- Unmute somebody else
- Play a video with someone else’s audio
- If you have a cohost or a guest speaker, have them pitch in
These simple tactics will break up your voice and keep your audience engaged.
Catch Your Audience’s Eye
At this point, you should have your sales prospects listening, which is a step in the right direction, but it’s not going to close any deals. The next thing you need to focus on is getting your listeners to give you their visual attention. You don’t want to be in a minimized window, hidden from view.
For starters, make sure you have visually impactful slides. Your audience is giving you their time because they want to be educated and to see tangible benefits. However something as simple as an e-mail notification can draw your audience away from even the best of slides.
One way to draw your audience back in is through simple prompts. By saying “Do you see that?” or “Read this text”, you encourage visual attention to your slides.
“This gets people to re-open the webinar that they have minimized, and actually look at your slides,” Nathan explains.
You could also incorporate a whiteboard activity for example or do a screen-share for software demos. Whichever method you use, make sure you incorporate it every 10 minutes.
Solidifying Audience Interaction
”The best way to drive engagement on a webinar is to encourage people to take notes, to answer a poll, to ask questions,” says Nathan. By giving your audience small tasks to keep up with, you are subtly demanding their undivided attention, which keeps your webinar engaging and will maximize viewer satisfaction. This should, again, be incorporated at least once every 10 minutes.
Another tactic is to try to build a story within your webinar, keeping your listeners in flux by discussing negative aspects of their current operations, followed by the positives you can offer.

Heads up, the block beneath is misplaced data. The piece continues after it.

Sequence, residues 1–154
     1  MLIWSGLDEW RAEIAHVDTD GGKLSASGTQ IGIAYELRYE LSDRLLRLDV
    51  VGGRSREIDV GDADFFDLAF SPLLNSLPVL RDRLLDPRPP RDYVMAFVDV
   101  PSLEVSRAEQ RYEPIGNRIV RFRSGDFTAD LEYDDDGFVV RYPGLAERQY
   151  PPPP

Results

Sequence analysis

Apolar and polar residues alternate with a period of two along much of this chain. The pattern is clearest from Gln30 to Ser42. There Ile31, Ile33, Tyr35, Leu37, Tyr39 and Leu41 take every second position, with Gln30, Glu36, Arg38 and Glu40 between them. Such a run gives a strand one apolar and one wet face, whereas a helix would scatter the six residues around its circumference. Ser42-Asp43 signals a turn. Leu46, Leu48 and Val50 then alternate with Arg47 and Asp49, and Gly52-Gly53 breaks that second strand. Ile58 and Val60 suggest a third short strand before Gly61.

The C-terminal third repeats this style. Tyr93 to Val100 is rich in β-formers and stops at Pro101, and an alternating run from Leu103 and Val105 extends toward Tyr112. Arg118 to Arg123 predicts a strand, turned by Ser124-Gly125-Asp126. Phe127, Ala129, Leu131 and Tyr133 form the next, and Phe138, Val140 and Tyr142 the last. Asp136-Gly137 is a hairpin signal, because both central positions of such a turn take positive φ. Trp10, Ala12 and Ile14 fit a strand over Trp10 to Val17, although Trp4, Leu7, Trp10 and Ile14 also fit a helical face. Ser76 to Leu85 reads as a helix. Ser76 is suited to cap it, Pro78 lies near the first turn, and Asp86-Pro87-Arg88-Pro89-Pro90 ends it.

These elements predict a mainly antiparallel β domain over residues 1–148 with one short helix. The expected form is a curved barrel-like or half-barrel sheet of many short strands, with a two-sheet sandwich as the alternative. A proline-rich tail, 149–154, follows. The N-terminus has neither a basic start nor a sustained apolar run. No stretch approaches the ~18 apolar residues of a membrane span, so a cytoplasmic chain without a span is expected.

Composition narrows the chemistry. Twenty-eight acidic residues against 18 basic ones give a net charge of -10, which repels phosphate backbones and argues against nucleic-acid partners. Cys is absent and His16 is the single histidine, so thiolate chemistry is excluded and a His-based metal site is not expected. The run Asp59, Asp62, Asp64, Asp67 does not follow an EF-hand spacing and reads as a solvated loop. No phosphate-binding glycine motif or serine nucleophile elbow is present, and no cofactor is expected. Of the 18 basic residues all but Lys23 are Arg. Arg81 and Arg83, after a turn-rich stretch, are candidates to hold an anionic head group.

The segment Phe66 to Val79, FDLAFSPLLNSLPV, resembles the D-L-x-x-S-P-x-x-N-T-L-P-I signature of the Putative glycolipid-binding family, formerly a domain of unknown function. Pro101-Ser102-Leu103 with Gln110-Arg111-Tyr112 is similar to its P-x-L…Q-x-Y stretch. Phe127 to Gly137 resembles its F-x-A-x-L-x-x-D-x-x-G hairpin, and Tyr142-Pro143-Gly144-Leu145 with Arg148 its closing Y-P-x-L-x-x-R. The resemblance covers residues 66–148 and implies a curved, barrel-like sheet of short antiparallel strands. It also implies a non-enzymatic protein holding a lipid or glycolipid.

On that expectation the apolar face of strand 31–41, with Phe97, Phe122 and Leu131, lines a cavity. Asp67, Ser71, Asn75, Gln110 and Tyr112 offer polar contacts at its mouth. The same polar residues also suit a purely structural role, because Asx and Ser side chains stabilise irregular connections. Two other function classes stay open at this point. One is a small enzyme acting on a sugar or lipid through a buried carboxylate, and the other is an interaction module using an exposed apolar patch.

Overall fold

Using Past Sales as a Sales Tool
So you’ve followed this formula and given your final pitch. The next step should be to offer a purchasing link, which provides your audience with a direct call to action.
There is no need for hosts to rely on the strength of their own sales pitch. No matter how convincing you may be, the true sales opportunities are created by buyer testimonials.
”You should unmute people at the end of your webinar who have purchased,” Nathan urges. “Then let them brag about your product and why they purchased. That will drive more sales.”
Maximizing Your Podcast
Much like webinars, podcasts can be an excellent source of revenue, with a well-structured podcast having the potential to generate tremendous business traffic.
The key to building a successful podcast is to focus on delivery, rather than just the content. Just because you are knowledgeable or a specialist in your field, does not mean that people will enjoy listening to you.
”Podcasts are about entertainment first and educating second” says Nathan. ”If you don’t know how to hold an audience and entertain, it doesn’t matter how smart you are, what you’re selling, or what you’re teaching.”